Gershwin, Churchill, Irving (pronunciation)

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AndrasBP

Senior Member
Hungarian
Hello,

How do you pronounce the /ɜː/ or /ɝ/ vowel sound in English names like
Gershwin, Percy, Ferguson, Churchill, Murphy, Burton, Irving, Shirley?
(Those that have <er>, <ur> or <ir> + a consonant. In most English varieties the three types of spelling sound the same.)

In Hungarian, we use the vowel /ø/ + /r/, as if there was a letter "ö" in Hungarian, e.g. Murphy > "Mörfi".

What about your language?
 
  • TheCrociato91

    Senior Member
    Italian - Northern Italy
    Hello.

    In standard (i.e. non-regional) Italian we don't have the /ɜ/ vowel (or the similar schwa sound), so we have to adapt it by using the seven vowel phonemes of standard Italian: /a, ɛ, e, i, ɔ, o, u/.

    I would say the most common pronunciations for the above words are /ɛr/, /ɛr/, /ɛr/, /ɛr ~ ør ~ ɜr/*, /ar/, /ar/, /ir/ and /ir/, respectively. Naturally, the more familiar with English an Italian speaker is, the more likely he/she is to try and approximate the original pronunciation (although in most non-academic contexts trying to reproduce the original pronunciation usually comes across as pedantic and/or wanting to show off).

    * Like I said standard Italian does not have the /ɜ/ sound or the /ø/ sound (which do exists in some regional dialects, the latter e.g. in the dialect where I live). However, Churchill is such a well known name that I feel many people use either of the above non-Italian vowels to pronounce it in a more "foreign" way compared to other names.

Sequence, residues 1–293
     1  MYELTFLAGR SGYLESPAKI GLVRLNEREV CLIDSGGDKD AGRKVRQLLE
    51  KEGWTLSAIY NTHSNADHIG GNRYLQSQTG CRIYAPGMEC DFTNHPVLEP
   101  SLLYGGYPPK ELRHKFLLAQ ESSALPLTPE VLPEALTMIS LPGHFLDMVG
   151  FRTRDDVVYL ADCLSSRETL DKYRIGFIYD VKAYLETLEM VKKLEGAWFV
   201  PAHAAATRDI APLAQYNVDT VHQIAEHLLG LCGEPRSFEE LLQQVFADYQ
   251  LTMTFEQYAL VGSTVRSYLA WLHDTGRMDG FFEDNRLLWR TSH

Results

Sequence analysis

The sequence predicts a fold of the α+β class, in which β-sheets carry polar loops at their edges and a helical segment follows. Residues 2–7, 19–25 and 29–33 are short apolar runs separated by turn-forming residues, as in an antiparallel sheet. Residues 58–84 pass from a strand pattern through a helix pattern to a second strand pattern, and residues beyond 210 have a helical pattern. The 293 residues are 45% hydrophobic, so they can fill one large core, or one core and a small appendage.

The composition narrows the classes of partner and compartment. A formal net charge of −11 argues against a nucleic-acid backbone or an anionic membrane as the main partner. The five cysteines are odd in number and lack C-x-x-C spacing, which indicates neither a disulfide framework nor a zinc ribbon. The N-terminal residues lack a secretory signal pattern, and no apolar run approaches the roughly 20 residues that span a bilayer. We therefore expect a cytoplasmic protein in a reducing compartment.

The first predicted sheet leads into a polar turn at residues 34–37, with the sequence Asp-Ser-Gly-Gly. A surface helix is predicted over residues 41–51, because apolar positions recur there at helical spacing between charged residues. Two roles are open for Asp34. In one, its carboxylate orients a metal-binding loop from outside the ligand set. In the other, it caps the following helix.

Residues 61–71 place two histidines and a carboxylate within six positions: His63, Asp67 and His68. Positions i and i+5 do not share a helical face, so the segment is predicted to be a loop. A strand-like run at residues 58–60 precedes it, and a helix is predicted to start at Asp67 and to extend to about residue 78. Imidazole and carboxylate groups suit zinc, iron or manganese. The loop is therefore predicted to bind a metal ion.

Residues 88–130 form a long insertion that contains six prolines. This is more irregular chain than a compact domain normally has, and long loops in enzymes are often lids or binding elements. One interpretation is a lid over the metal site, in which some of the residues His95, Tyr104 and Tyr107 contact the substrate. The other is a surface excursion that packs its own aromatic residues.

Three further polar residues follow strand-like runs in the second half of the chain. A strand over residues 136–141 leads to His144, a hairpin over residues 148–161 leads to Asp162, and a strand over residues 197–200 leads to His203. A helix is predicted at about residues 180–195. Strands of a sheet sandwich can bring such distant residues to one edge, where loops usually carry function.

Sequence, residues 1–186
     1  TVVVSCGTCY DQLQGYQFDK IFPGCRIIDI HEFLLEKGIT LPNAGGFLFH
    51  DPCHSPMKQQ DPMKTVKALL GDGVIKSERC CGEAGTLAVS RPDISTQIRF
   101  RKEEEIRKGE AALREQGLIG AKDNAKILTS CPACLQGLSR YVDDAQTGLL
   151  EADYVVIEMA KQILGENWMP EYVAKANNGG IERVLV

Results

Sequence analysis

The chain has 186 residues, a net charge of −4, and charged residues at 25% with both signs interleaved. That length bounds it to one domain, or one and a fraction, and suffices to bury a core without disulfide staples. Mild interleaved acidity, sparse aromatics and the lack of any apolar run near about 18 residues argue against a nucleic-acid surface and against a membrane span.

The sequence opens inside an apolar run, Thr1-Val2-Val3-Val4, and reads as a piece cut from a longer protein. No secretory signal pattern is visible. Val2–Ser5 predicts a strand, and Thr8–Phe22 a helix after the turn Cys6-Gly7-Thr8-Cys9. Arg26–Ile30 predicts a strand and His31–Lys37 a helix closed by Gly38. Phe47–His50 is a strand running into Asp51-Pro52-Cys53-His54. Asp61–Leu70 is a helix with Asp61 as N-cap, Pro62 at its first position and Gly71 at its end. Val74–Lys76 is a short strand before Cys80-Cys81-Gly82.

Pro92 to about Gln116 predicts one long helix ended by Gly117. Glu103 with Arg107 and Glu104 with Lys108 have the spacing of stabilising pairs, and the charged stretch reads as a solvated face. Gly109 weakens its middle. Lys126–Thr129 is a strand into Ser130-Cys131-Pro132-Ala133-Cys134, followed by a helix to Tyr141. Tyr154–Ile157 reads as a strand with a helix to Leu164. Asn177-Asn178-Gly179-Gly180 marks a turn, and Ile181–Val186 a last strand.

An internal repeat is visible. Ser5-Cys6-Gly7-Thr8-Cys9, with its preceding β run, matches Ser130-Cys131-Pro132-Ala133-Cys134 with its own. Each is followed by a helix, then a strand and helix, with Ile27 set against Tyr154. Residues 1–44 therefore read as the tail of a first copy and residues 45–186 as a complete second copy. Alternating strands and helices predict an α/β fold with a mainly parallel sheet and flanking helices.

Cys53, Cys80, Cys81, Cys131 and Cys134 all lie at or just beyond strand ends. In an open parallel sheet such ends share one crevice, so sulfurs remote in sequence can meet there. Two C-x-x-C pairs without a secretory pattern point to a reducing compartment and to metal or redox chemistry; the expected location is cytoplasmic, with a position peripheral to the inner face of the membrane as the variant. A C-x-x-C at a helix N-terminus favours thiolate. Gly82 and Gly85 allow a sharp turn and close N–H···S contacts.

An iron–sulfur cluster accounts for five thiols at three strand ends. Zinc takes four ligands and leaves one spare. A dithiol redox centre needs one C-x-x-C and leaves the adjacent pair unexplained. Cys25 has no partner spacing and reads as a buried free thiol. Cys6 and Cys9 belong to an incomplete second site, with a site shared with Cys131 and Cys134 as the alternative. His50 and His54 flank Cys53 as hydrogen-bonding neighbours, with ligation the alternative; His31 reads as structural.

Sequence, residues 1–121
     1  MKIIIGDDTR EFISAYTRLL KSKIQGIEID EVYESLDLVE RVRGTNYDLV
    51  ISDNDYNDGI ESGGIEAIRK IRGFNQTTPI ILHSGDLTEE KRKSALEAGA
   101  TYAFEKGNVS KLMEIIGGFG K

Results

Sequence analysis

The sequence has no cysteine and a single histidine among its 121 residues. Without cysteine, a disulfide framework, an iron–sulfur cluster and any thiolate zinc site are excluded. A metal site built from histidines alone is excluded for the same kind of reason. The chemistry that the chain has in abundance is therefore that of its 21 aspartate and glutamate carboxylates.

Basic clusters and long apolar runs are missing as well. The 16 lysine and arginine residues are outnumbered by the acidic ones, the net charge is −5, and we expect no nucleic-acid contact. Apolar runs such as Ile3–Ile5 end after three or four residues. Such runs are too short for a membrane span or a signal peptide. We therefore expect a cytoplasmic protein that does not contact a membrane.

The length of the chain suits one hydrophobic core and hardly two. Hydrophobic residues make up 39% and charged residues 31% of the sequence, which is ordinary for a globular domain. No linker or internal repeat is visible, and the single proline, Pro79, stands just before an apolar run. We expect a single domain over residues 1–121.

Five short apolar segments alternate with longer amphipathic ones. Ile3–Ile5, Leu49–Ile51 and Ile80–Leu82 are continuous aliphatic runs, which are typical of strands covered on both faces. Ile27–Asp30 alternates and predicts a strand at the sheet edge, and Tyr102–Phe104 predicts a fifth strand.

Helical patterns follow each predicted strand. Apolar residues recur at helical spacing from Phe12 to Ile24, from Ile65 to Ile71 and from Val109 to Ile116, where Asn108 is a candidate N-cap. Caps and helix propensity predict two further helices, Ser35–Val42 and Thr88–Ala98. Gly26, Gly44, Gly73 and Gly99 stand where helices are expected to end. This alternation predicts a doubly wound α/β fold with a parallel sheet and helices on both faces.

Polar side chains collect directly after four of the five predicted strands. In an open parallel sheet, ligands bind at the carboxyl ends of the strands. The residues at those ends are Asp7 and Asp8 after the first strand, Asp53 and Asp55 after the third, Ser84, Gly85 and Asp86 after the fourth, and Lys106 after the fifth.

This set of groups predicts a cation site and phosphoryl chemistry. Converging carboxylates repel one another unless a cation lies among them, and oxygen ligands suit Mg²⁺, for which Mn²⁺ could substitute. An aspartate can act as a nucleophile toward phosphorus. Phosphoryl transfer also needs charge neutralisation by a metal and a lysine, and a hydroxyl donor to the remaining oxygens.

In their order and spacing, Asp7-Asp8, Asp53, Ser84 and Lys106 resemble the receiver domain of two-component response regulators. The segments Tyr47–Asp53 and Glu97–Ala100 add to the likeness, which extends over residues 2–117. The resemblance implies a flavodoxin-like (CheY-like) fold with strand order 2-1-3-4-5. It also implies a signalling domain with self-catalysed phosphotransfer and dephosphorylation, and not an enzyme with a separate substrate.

Here you can find a table which explains how "foreign vowels" (see "vocali straniere") are generally adapted on the basis of "Italian vowels" (see "vocali italiane").
     
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    Perseas

    Senior Member
    Greek

    The hellenized forms of the names above are: Γκέρσουϊν, Πέρσι, Φέργκιουσον, Τσόρτσιλ, Μέρφι, Μπάρτον, Ίρβινγκ (Έρβινγκ is less common), Σίρλεϊ.
    We usually pronounce [e], [e], [e], [o], [e], [a], [ i ] (or [e]), [ i ] , respectively.
     
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    nimak

    Senior Member
    Macedonian
    Macedonian:
    • /ɛr/ in: Gershwin -> Гершвин; Percy -> Перси; Ferguson -> Фергусон; Churchill -> Черчил; Stearn -> Стерн; Bernard -> Бернард; Bourke -> Берк
    • /ar/ in: Murphy -> Марфи; Burton -> Бартон; Turner -> Тарнер
    • /ir/ in: Irving -> Ирвинг; Shirley -> Ширли; Myrtle -> Миртл (л is syllabic /ɫ̩/ here)
    • /r̩/ (syllabic r) in: Byrn -> Брн; Searle -> Срл
     
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    AndrasBP

    Senior Member
    Hungarian
    Thank you for your replies.

    It's interesting how many different outcomes you have, influenced by the English spelling.
    I wonder if there are any other languages that are like Hungarian in this respect, with only one type of substitution.
     

    Dymn

    Senior Member